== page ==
Strong personalities, not social niches, drive individual differences in social behaviours in sticklebacks

Kate L. Laskowski, Alison M. Bell

Research output: Contribution to journalArticlepeer-review

Abstract

Understanding the mechanisms responsible for consistent individual differences in behaviour is a recent challenge for behavioural ecology. Although theory is rapidly developing in this area, there are few empirical tests. There are at least two hypotheses to explain why individuals behave differently from one another in a dynamic social environment. The social niche specialization hypothesis proposes that repeated social interactions generate consistent individual differences in social behaviour. The behavioural type hypothesis proposes that an individual's social behaviour reflects its behavioural type. We tested these two hypotheses by manipulating the opportunity for repeated social interactions in groups of threespine stickleback, Gasterosteus aculeatus, and by measuring the behavioural types of the same individuals in three contexts: when in a novel environment, when presented with an opportunity to associate with conspecifics and when confronted by an intruder. We found no evidence that repeated social interactions increased between-individual variation in social foraging behaviour. Instead, individuals' social foraging behaviour was related to their behavioural type, specifically their shoaling behaviour. In addition, the behavioural types of the members of a group strongly influenced a group's average foraging behaviour. Together, these results do not support the hypothesis that social dynamics within groups generates individual differences in behaviour. Instead, they suggest the reverse: individual differences in behaviour drive group-level dynamics.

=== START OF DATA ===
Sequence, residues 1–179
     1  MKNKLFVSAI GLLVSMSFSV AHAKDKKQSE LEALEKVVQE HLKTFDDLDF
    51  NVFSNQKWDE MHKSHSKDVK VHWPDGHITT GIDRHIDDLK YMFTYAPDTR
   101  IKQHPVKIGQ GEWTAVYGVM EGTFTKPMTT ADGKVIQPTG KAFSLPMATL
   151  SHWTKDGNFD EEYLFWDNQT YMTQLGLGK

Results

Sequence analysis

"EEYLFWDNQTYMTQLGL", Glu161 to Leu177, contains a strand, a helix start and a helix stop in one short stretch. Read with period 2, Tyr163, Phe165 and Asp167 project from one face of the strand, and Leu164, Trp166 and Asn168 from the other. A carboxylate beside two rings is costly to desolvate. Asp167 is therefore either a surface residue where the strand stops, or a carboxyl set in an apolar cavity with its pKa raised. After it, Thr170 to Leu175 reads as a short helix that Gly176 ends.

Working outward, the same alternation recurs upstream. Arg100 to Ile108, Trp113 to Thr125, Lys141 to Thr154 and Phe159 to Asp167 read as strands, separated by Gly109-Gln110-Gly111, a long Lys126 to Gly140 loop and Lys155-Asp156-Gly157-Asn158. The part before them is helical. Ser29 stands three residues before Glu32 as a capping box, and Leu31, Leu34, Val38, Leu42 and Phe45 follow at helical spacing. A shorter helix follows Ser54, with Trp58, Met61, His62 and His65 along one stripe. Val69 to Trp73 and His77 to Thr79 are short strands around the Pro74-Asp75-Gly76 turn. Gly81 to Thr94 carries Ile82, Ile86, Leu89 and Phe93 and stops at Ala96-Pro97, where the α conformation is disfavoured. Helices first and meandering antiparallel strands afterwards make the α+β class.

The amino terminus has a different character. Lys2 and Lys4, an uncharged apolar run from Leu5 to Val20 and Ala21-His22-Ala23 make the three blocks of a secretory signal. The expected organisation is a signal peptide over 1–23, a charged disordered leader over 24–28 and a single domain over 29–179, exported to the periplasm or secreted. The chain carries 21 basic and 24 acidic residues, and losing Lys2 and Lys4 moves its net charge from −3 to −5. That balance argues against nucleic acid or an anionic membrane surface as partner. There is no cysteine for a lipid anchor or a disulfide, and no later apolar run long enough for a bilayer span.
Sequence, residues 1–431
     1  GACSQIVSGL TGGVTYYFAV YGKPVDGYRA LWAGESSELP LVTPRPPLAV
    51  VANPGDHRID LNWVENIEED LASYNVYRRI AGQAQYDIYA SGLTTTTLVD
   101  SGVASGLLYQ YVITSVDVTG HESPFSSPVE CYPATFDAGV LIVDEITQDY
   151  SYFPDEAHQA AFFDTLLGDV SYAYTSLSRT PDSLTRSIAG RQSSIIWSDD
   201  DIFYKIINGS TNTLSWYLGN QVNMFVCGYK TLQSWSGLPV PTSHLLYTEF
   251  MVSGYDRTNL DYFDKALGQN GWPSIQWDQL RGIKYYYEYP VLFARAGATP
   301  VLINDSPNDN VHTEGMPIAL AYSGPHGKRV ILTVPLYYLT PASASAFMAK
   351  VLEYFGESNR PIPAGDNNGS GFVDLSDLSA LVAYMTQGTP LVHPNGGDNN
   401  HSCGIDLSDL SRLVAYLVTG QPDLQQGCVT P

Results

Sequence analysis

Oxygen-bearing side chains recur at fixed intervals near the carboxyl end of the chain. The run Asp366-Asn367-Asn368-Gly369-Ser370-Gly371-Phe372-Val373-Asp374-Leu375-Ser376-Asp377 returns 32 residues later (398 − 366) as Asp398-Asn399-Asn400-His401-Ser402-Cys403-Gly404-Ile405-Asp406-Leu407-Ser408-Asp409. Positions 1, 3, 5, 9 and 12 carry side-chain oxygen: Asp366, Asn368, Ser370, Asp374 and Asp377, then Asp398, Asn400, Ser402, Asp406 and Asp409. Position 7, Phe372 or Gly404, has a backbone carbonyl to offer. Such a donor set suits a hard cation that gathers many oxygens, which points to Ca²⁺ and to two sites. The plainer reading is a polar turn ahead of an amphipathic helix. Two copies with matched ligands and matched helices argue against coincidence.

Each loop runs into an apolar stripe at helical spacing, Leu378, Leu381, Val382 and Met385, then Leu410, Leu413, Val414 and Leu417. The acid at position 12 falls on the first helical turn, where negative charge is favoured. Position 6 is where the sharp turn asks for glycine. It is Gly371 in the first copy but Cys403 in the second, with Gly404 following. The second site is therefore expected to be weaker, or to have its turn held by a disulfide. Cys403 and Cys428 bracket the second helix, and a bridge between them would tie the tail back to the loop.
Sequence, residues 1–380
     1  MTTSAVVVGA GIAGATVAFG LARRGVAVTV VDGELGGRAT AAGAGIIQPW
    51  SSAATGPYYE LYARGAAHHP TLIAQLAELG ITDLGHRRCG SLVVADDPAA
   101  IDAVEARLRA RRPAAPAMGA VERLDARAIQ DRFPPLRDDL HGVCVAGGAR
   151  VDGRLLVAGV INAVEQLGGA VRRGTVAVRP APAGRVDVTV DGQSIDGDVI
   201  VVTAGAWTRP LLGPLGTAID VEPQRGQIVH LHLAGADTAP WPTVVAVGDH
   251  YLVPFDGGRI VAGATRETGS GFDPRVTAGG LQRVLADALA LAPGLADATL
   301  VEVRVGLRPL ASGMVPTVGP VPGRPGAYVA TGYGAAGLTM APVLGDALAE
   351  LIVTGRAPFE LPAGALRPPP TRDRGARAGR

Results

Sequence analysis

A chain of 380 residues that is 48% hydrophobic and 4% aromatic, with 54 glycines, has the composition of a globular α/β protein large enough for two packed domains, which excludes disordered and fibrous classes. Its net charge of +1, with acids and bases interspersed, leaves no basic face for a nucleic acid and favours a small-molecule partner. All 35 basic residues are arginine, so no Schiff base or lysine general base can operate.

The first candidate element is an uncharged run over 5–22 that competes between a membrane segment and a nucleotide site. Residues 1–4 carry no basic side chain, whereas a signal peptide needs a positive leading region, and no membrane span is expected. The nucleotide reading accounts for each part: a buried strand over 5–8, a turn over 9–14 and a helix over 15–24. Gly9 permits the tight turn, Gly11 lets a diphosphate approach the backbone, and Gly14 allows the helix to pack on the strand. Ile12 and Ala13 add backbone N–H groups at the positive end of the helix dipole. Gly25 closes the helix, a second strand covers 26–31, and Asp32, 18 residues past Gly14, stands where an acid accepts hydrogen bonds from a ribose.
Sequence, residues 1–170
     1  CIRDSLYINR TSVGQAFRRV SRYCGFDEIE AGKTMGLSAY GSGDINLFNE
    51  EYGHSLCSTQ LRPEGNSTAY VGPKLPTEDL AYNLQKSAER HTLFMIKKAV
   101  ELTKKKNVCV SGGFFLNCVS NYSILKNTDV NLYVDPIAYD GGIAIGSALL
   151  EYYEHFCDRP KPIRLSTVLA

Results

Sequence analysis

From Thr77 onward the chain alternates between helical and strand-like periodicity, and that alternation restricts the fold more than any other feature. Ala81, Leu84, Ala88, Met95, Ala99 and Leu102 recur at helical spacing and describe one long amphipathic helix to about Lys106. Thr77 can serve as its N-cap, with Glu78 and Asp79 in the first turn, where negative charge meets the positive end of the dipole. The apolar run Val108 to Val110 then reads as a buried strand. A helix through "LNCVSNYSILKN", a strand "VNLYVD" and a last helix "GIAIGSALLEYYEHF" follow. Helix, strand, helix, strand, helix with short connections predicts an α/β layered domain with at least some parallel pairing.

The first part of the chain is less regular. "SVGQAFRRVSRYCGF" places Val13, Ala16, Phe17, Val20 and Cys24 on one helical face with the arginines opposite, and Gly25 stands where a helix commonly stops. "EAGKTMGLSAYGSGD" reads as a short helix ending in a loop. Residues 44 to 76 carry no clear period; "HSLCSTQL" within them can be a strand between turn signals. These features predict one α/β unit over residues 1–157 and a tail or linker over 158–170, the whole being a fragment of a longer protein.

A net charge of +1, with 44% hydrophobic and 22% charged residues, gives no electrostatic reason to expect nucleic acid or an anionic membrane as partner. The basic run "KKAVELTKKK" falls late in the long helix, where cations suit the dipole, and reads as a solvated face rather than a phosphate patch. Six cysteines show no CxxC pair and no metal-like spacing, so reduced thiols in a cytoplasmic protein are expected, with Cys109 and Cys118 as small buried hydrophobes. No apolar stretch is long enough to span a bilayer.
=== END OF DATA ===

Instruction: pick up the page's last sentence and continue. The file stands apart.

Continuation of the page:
Original languageEnglish (US)
Pages (from-to)287-295
Number of pages9
JournalAnimal Behaviour
Volume90
DOIs
StatePublished - Apr 2014

Keywords

  • Behavioural type
  • Consistent individual differences
  • Gasterosteus aculeatus
  • Repeatability
  • Social niche
  • Social specialization
  • Threespine stickleback

ASJC Scopus subject areas

  • Ecology, Evolution, Behavior and Systematics
  • Animal Science and Zoology

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